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Donna Stein, FF Alumn, essay published in "Objects of Desire: Artists Books in the Modern Era 1870-2000"
Following is an
excerpt of a review written by Emma Hill in "ArtReview" March 2002.
Objects of Dsire
Artists' Books in the Modern Era 1870-2000
By Robert Flynn Johnson
Essay by Donna Stein
Thames & Hudson
Reviewed by Emma Hill
"Donna Stein's cogent essay draws together the technological and historical changes which have influenced the development of the artist's book since the end of the 19th century -- from the flowering of the French livre d'artiste, encouraged by visionary publishers such as Ambroise Vollard and the German-born Daniel-Henry Kahnweiler, to the more didactic use of the book form to convey the manifestos of Dada and the Russian avant-garde, through to artist-authored publications, such as Ruscha's Twenty-Six Gasoline Stations, which circumvented the conventional gallery system and established the artist's book as a primary vehicle for art: a unified aesthetic of image, text and type, a portable exhibition space.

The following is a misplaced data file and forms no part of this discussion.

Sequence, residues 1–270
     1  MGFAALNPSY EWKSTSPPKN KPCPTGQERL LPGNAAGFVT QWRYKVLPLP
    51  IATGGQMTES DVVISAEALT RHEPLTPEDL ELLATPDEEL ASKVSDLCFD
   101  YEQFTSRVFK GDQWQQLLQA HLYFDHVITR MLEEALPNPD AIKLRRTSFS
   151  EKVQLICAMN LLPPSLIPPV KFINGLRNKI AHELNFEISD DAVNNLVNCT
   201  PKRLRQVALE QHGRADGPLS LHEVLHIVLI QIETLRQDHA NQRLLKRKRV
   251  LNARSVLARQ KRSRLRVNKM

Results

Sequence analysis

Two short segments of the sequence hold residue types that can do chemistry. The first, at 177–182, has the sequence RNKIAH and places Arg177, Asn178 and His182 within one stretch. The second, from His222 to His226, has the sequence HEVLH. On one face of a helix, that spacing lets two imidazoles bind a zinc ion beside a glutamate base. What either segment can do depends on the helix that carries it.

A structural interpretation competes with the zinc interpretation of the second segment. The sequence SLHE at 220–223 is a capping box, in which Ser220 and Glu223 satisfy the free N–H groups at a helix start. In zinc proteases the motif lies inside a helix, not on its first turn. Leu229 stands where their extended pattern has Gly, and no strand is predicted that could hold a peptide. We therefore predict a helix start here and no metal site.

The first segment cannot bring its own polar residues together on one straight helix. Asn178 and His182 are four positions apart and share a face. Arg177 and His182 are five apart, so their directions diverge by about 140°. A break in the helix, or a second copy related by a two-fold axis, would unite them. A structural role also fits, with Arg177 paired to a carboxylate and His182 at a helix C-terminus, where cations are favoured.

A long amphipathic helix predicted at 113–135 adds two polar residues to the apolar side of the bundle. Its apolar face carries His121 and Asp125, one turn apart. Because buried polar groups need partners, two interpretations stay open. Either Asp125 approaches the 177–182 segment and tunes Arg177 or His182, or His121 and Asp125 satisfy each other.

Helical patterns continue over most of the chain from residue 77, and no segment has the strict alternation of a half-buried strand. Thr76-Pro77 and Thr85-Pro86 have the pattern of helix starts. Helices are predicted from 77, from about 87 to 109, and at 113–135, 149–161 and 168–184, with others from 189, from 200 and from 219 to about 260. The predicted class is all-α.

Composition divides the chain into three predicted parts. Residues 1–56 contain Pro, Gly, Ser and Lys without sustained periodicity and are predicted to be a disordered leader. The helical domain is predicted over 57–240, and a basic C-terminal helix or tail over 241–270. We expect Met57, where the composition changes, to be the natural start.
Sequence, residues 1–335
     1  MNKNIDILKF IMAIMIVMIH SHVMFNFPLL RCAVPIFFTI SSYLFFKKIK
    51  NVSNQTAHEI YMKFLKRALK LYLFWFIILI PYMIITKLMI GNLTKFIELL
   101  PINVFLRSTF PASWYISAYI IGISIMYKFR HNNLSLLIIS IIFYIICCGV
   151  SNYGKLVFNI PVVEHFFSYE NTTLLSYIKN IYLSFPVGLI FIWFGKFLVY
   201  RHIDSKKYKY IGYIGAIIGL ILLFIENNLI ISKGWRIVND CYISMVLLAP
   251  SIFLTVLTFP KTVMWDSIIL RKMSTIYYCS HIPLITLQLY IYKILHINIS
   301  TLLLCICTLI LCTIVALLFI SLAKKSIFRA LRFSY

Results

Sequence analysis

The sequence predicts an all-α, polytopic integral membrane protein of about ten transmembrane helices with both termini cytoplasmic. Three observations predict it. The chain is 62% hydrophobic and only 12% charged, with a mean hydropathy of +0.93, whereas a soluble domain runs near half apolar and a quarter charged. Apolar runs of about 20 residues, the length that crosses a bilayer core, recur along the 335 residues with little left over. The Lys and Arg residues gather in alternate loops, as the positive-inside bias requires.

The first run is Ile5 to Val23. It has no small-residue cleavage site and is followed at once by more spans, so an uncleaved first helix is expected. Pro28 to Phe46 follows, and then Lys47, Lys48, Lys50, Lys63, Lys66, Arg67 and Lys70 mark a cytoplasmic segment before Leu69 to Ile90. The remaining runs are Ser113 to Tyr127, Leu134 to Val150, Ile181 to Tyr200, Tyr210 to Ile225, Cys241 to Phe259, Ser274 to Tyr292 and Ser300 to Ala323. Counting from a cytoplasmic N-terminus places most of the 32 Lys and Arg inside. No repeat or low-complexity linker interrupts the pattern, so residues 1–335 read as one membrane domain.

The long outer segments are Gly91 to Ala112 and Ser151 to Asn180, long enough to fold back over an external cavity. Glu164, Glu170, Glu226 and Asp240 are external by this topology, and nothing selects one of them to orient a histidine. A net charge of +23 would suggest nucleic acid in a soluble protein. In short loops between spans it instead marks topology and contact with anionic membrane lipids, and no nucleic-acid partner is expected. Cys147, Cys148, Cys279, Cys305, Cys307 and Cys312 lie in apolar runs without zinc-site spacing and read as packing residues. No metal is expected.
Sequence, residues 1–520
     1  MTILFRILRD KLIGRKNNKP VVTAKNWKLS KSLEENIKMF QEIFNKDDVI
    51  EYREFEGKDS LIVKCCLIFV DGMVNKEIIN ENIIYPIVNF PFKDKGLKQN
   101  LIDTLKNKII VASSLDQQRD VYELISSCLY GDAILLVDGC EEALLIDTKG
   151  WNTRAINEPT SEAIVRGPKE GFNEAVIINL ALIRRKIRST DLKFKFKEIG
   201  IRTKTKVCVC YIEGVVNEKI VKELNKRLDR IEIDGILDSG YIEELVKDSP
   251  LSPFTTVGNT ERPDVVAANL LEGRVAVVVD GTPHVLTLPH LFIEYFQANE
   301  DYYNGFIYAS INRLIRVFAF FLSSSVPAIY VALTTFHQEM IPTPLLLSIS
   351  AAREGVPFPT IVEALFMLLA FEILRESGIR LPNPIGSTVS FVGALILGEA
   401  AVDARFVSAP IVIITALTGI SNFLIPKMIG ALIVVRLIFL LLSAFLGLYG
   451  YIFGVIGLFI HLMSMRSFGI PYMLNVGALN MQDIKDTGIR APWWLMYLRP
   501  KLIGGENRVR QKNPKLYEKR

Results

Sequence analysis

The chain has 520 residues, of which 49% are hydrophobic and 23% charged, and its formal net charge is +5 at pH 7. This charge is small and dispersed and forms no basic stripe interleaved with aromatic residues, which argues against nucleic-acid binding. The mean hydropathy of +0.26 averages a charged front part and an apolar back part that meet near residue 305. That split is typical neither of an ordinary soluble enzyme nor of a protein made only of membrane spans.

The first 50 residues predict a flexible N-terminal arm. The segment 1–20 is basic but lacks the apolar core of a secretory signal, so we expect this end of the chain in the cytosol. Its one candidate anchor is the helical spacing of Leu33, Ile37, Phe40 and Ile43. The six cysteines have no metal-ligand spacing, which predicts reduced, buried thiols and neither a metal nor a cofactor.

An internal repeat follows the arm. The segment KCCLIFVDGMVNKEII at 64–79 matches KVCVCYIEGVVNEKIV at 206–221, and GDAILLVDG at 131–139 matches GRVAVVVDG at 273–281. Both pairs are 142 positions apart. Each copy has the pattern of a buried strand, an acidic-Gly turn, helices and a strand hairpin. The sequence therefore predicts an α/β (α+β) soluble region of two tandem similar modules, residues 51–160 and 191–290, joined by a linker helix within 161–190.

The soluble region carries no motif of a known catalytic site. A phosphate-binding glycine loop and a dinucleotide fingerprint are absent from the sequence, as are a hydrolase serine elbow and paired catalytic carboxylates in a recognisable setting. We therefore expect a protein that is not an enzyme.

Stein's essay and
the informative footnotes accompanying each plate draw out a number of important
points in examining the relegated position of this art form in relation to painting,
sculpture and other forms of graphic art. Stein underlines how artists' books,
by nature an intimate, time-based art form, nevertheless reflect and distil
the different creative movements they come from; how they extend an individual
artist's graphic practice and provide a vehicle for the exchange of ideas. An
artist's book is not simply an illustrated text, but a book which becomes a
work of art through a time-consuming process of synthesizing various languages
into an integrated object."